The word imperialism is now so loosely used that it has almost lost real meaning. It may be useful to offer a definition that might be widely accepted: “the policy of extending a nation’s authority by territorial acquisition or by the establishment of economic and political hegemony over other nations.” That definition seems to apply equally well to ancient Egypt and Mesopotamia and to the European performance in the late nineteenth century. But there were new elements in the latter case. Previous imperialisms had taken the form either of seizing land and setting it with the conqueror’s people or of establishing trading centers to exploit the resources of the dominated area. The New Imperialism did not completely abandon these devices, but it also introduced new ones.
The usual pattern of the New Imperialism was for a European nation to invest capital in a “backward” country, to develop its mines and agriculture, to build railroads, bridges, harbors, and telegraph systems, and to employ great numbers of natives in the process. They thereby transformed the local economy and culture. To safeguard its investments, the dominant European State would make favorable arrangements with the local government either by loaning the rulers money or intimidating them.
If these arrangements proved inadequate, the dominant power would establish more direct political control. Sometimes this meant full annexation and direct rule as a colony, or it could be a protectorate status, whereby the local ruler became a figurehead controlled by the dominant European State and maintained by its military power. In other instances, the European state established “spheres of influence” in which it received special commercial and legal privileges without direct political involvement.
The predominant interpretation of the motives for the New Imperialism has been economic, in the form given by the English radical economist J.A. Hobson (1858-1928) and later adapted by Lenin. As Lenin put it, “Imperialism is the monopoly state of capitalism,” the last stage of the dying system. Competition inevitably eliminates inefficient capitalists and, therefor, leads to monopoly. Powerful industrial and financial capitalists soon run out of profitable areas of investment in their own countries and persuade their governments to gain colonies in “backward” countries. Here they can find higher profits from their investments, new markets for their products, and safe sources of raw materials.
Facts do not support this viewpoint, however. The European powers did investment considerable capital abroad, but not in a way that fit the model of Hobson and Lenin. Britain, for example, made heavier investments abroad before 1875 than during the next two decades. Only a small percentage of British and European investments overseas, moreover, went to their new colonies. Most capital went into other European countries or to older, well-established areas like the United States, Canada, Australia, and New Zealand. Even when investments were made in new areas, they were not necessarily put into colonies held by the investing country.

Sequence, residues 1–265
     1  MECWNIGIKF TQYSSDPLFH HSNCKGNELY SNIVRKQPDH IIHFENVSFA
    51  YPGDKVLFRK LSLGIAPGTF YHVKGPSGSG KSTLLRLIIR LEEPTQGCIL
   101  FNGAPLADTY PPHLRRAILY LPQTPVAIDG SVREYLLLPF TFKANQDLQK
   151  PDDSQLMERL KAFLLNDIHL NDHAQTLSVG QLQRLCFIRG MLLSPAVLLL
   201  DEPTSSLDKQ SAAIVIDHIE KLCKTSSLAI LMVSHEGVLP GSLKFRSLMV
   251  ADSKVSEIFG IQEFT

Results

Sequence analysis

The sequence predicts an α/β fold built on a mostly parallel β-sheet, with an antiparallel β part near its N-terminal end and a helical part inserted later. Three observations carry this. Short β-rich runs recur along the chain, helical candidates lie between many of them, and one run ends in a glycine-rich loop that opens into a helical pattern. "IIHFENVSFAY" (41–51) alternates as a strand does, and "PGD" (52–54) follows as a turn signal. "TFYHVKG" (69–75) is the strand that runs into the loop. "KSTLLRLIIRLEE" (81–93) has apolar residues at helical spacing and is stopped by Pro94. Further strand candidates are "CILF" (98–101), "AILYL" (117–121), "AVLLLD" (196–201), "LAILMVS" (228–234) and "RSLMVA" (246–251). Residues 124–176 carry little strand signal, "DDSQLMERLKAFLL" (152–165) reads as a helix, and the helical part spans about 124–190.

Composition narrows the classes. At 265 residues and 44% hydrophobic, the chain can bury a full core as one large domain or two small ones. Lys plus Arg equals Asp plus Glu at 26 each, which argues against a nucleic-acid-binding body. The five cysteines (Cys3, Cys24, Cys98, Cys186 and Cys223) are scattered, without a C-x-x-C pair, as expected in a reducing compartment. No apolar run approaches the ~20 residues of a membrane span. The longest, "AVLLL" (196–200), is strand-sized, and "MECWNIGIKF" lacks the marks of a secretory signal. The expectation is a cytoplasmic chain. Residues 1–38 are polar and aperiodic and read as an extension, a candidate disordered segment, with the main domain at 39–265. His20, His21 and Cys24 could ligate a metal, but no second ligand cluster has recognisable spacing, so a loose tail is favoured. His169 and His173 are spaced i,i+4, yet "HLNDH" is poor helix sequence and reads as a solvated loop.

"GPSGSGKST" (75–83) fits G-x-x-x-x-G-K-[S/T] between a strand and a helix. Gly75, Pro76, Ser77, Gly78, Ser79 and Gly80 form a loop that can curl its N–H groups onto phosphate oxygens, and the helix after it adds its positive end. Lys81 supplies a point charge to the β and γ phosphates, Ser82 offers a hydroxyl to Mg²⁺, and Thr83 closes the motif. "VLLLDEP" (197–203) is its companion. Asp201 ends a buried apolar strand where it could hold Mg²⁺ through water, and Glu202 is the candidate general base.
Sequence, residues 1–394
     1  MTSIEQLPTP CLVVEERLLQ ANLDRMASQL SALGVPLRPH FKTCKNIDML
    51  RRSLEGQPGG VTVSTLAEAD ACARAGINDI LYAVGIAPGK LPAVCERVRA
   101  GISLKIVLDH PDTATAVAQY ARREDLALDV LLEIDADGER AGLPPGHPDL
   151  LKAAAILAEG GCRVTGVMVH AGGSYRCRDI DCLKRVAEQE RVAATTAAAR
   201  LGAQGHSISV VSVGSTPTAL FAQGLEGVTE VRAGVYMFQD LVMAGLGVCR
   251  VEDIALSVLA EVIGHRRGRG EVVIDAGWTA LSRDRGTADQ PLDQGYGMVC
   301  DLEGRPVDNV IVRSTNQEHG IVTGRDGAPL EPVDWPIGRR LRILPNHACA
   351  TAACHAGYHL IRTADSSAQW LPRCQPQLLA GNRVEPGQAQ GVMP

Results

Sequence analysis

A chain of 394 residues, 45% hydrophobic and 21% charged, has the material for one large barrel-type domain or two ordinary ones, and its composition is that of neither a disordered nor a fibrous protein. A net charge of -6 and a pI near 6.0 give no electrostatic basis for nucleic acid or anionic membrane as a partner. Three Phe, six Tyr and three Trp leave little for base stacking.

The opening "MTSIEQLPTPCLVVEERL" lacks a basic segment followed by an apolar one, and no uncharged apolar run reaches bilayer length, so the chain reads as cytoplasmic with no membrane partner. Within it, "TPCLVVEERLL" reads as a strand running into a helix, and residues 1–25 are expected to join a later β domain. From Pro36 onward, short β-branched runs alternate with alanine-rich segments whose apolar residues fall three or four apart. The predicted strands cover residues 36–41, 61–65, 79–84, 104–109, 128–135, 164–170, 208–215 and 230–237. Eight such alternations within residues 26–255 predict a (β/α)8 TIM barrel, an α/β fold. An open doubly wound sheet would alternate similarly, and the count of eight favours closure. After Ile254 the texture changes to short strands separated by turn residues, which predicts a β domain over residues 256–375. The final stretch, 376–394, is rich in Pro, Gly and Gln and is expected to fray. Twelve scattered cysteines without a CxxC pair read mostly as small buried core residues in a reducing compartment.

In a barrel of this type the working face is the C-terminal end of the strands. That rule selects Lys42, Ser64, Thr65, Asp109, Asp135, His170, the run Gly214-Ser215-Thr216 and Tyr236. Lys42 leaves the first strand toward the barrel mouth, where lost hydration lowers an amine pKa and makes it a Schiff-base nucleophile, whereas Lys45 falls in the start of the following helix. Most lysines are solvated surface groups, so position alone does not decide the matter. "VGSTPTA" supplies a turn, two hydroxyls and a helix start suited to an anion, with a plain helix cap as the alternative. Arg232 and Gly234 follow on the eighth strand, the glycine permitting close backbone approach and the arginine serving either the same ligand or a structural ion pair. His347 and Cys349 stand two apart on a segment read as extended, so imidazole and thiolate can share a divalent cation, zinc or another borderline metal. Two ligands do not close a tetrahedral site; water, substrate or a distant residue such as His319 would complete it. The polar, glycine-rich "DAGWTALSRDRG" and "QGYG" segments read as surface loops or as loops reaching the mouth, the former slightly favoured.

The facts are equally discouraging for those who emphasize the need for markets and raw materials. Colonies were not usually important markets for the great imperial nations, and all these states were forced to rely on areas that they did not control as sources of vital raw materials. It is not even clear that control of the new colonies was particularly profitable, though Britain, to be sure, benefited greatly from its rule of India. It is also true that some European businessmen and politicians hoped that colonial expansion would sure the great depression of 1873-1896.
Nevertheless, as one of the leading students of the subjects has said, “No one can determine whether the accounts of empire ultimately closed with a favorable cash balance.” That is true of the European imperial nations collectively, but it is certain that for some of them, like Italy and Germany, empire was losing propositions. Some individuals and companies, of course, made great profits from particular colonial ventures, but such people were able to influence national policy only occasionally. Economic motives certainly played a part, but a fully understanding of the New Imperialism requires a search for other motives.
Advocates of imperialism gave various justifications for it. Some argued that the advanced European nations had a duty to bring the benefits of their higher culture and superior civilization to more “backward” peoples. Religious groups demanded western governments furnish political and even military support for Christian missionaries. Some politicians and diplomats supported imperialism as a tool of social policy. In Germany, for instance, some people suggested that imperial expansion would deflect public interest away from domestic politics and social reform. Yet Germany acquired few colonies, and such considerations played little if any role in its colonial policy.
In Britain, Joseph Chamberlain (1836-1914), the colonial secretary from 1895 to 1903, argued for the empire as a source of profit and economic security that would finance a great program of domestic reform and welfare. These arguments were not important as motives for British imperial expansion because they were made well after Britain had acquired most of its empire. Another common and apparently plausible justification for imperialism was the colonies would attract a European country’s surplus population. In fact, most European emigrants went to areas not controlled by their countries, chiefly to North and South America and Australia.